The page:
TalkTalk (2015 Data Breach)

TalkTalk (2015 Data Breach)

My views about the amazing Talk-Talk data breach of 2015

November 10th, 2020 - Blog post. Last edited: November 19th, 2020.

Key Takeaways:

CEODido Harding
Number of customers affected157,000
Number of non-notified customers4,545
Type of personal information leakedFull names, addresses, email addresses, DoB, phone numbers, customer numbers and bank details
Type of breachSQL injection
Number of encrypted credit cards taken90,000
Number of attacks14,000 attacks over Oct 2015
ICO fine£400,000

What happened?

In 2003, a big UK company called Carphone Warehouse that used to sell phones but wasn’t affiliated to any specific mobile provider, decided to broaden their game surface and created a mobile carrier called TalkTalk. Being able to sell you both the phone and the subscription plan for the phone service, they started growing exponentially.

In 2009, they decided to buy for £236 million a competing an Italian mobile carrier operating in the UK under the branch Tiscali UK, so they absorbed the entirety of their network in the country. This made TalkTalk merge into their systems all the infrastructure Tiscali owned, leading afterwards to some consequences we’ll review shortly.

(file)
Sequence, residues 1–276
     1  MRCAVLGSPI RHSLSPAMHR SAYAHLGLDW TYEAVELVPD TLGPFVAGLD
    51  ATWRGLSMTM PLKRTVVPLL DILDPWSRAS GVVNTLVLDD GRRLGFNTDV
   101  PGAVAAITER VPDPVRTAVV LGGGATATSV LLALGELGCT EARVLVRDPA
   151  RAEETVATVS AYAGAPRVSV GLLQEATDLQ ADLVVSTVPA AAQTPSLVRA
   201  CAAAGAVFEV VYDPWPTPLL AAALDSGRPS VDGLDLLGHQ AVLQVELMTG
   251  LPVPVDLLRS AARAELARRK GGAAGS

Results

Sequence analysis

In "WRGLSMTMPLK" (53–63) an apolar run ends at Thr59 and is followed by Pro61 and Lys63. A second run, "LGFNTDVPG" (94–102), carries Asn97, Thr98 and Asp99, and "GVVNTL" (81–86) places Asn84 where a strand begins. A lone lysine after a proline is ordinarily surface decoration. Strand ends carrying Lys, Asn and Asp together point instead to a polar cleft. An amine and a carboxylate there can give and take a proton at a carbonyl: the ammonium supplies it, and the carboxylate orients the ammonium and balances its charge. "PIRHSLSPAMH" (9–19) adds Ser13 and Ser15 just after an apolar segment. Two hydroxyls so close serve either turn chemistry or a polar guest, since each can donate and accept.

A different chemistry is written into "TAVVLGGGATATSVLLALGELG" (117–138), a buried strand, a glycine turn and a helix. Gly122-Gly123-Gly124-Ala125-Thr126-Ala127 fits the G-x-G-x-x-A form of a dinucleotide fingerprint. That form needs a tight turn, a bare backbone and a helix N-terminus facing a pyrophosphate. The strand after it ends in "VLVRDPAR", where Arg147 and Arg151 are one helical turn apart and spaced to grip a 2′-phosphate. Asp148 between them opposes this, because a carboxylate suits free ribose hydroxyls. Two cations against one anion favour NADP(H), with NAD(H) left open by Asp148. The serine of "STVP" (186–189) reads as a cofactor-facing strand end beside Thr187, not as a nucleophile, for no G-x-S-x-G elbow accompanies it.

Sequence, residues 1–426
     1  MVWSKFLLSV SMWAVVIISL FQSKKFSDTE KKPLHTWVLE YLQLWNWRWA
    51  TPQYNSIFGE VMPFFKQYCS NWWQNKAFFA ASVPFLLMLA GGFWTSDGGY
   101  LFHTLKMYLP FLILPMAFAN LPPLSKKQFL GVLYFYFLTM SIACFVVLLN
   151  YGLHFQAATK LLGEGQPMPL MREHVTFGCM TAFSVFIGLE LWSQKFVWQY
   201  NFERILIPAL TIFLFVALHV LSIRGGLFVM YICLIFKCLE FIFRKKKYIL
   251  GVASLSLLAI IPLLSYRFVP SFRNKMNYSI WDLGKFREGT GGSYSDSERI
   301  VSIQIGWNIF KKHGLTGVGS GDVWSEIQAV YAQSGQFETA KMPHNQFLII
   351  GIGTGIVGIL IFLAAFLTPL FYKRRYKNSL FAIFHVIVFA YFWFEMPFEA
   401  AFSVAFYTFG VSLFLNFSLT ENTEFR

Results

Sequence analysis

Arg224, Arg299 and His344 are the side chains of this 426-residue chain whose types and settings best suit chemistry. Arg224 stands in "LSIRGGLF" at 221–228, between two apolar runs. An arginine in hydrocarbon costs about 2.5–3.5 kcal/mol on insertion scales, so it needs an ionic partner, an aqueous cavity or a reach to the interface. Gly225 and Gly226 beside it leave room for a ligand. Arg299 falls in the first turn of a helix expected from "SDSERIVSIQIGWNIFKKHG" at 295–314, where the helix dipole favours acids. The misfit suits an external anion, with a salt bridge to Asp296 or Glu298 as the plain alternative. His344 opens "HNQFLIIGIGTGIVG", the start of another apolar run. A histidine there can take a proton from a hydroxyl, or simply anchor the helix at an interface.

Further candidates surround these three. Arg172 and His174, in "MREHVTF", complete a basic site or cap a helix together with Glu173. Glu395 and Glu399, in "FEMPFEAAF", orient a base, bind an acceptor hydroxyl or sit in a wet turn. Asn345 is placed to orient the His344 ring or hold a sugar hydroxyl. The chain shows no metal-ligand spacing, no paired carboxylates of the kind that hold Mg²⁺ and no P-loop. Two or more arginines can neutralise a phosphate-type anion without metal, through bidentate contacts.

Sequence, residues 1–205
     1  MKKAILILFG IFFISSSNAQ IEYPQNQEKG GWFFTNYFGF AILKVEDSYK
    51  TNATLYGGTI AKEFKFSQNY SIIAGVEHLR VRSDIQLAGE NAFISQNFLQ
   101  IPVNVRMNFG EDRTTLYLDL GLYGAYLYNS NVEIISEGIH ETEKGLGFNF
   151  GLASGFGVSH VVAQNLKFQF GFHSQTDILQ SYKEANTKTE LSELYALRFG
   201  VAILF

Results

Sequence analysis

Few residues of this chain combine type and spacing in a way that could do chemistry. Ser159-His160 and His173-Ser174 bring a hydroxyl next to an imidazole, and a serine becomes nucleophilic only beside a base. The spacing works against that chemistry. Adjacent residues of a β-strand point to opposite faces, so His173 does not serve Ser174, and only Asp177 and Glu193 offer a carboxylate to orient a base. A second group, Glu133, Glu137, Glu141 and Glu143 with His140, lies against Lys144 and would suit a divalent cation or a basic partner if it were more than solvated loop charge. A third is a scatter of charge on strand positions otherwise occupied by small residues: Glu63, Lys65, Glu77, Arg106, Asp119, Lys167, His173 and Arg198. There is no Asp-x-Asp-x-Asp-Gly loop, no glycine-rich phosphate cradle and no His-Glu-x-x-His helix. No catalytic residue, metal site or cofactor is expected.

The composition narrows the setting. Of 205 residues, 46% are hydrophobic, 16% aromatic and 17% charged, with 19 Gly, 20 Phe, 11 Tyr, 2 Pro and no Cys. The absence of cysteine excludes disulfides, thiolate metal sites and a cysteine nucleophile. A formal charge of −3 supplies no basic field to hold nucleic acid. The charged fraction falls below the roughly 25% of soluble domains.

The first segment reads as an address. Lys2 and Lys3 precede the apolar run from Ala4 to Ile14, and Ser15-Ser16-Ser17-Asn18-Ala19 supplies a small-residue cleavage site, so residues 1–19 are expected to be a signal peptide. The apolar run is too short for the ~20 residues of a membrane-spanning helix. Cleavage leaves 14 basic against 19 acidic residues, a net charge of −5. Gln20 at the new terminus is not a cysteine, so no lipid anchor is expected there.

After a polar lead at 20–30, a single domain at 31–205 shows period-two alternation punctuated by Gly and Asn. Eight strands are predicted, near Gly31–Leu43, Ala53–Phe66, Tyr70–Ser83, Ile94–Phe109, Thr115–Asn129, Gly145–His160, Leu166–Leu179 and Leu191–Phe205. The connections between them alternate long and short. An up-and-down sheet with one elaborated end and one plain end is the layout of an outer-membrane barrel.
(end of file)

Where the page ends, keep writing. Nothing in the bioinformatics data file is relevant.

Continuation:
7 years after creating the mobile carrier, in 2010 Carphone Warehouse decided to separate from TalkTalk, with TalkTalk holding about 60% of the old firm.

To cope with the huge demand, TalkTalk outsourced their customer support services to a company in Kolkata called Webpro, so that they were able to ramp their staff in just 6 months to over 1,000.

Three rogue employees at Webpro gained access to privileged logins that had permissions to view more than one TalkTalk customer account at a time. They began harvesting customer accounts out of the database of the company, 500 at a time without being detected. The exfiltrated data included the name, home address, phone number and account number of the customer. Then, the rogue employees would put all these customer records in hands of phone scammers to try and trick the customers to pay, allegedly, back to TalkTalk.

In August 2015, 3 Carphone Warehouse’s websites go offline:,, and The next day, the company sends a letter to their customer saying:

“Our investigation indicates that some of the data held in our systems has been accessed and this may include some of your personal details including your name, address, date of birth, and bank details. We take the security of your data extremely seriously and we have put in place additional security measures to prevent further attacks. Nevertheless, we felt it was important to let you know as soon as possible. To reduce the risk of fraudulent activity, we recommend you consider taking the following steps: notifying your bank and credit card company so they can monitor activity on your account. You can check your credit rating and make sure no one has taken a loan out and credit in your name. You can do this by visiting Experian or Equifax.”